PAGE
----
Child obesity and adiposity represent a consistent health concern. There is an increasing concern for the long-term risks for offspring associated with prenatal maternal smoking (Bruin, et al., 2008). These risks have been documented as far as 33 years of age. This paper helps chart the developmental course toward this long-term risk for obesity. An excess of fatty mass by emerging adolescence places individuals at risk of being overweight or obese in adulthood (Dietz, 2004; Lee et al., 2010; Wright, Emmett, Ness, Reilly, & Sherriff, 2010). Furthermore, childhood adiposity is associated with a number of adverse physical and mental health problems which can seriously compromise the health and well-being of children (Biro & Wien, 2010; Dietz, 1998; Franks et al., 2010). The World Health Organization regards prevention as the most effective strategy for managing obesity. For this reason, understanding how preventable factors may contribute to childhood adiposity represents an important objective. The present study found evidence that gestational smoke exposure may generate increase risks toward excess adiposity by middle childhood. As a modifiable lifestyle factor, it remains to be seen if developing and targeting preventive interventions and public health campaigns towards reducing or eliminating smoking during pregnancy can help curb the current obesity trend.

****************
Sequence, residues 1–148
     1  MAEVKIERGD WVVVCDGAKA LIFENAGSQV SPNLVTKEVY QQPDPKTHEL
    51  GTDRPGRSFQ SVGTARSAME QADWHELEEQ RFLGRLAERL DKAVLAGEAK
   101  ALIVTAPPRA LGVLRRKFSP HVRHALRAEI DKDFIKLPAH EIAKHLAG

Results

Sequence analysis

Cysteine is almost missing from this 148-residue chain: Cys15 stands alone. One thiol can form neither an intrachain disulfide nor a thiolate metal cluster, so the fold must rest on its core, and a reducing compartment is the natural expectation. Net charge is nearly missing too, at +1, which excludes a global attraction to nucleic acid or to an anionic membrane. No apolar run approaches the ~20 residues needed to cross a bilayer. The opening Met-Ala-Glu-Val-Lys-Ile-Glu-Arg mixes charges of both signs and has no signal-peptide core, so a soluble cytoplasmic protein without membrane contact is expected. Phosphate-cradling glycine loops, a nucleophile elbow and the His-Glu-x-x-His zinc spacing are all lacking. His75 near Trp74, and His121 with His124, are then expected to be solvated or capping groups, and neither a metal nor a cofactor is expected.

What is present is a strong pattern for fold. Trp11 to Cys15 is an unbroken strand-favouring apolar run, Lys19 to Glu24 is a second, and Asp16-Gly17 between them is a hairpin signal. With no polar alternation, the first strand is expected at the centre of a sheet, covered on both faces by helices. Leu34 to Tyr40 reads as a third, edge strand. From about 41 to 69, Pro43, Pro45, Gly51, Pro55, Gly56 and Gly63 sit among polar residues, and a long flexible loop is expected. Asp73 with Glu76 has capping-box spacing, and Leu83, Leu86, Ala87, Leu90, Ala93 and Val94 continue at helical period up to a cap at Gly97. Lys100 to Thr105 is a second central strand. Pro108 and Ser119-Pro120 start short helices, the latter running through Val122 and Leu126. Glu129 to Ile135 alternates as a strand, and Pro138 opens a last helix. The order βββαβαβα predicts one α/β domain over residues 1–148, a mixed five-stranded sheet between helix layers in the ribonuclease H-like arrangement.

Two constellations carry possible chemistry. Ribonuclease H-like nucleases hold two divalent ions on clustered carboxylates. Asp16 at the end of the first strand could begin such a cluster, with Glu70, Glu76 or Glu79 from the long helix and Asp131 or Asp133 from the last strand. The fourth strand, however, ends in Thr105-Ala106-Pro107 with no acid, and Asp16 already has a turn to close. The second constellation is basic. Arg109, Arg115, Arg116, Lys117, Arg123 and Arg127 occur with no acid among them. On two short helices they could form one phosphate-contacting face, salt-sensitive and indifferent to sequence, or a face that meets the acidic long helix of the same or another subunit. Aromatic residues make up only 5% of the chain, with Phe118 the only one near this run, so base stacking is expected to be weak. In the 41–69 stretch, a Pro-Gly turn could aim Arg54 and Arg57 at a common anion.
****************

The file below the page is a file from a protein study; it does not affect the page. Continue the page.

Young women of child-bearing years remain highly represented among smokers. Fortunately, smoke cessation campaigns have been successful in reducing the incidence of maternal smoking, especially among heavy smokers (Hegaard, KjÆrgaard, MØller, Wachmann, & Ottesen, 2003; Valbös & Nylander, 1994). Consequently, increasing public health campaigns aimed at discouraging smoking during pregnancy is likely to have positive consequences for population health. In particular, the content of such interventions should emphasize that exposure to prenatal smoking can represent a serious threat to a multitude of long-term health characteristics of children.


The Institut de la statistique du Québec (ISQ) collected and managed the data.

Conflict of Interest

All co-authors report no potential conflicts of interest, real or perceived. Caroline Fitzpatrick wrote the first draft of this commentary and has received no honorarium, grant or form of payment to produce the manuscript. Linda Pagani, Tracie Barnett, and Caroline Fitzpatrick all take entire responsibility for this manuscript.


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Table 1: Descriptive statistics for independent, dependent, and control characteristics
Table 2: Sample characteristics according to smoking exposure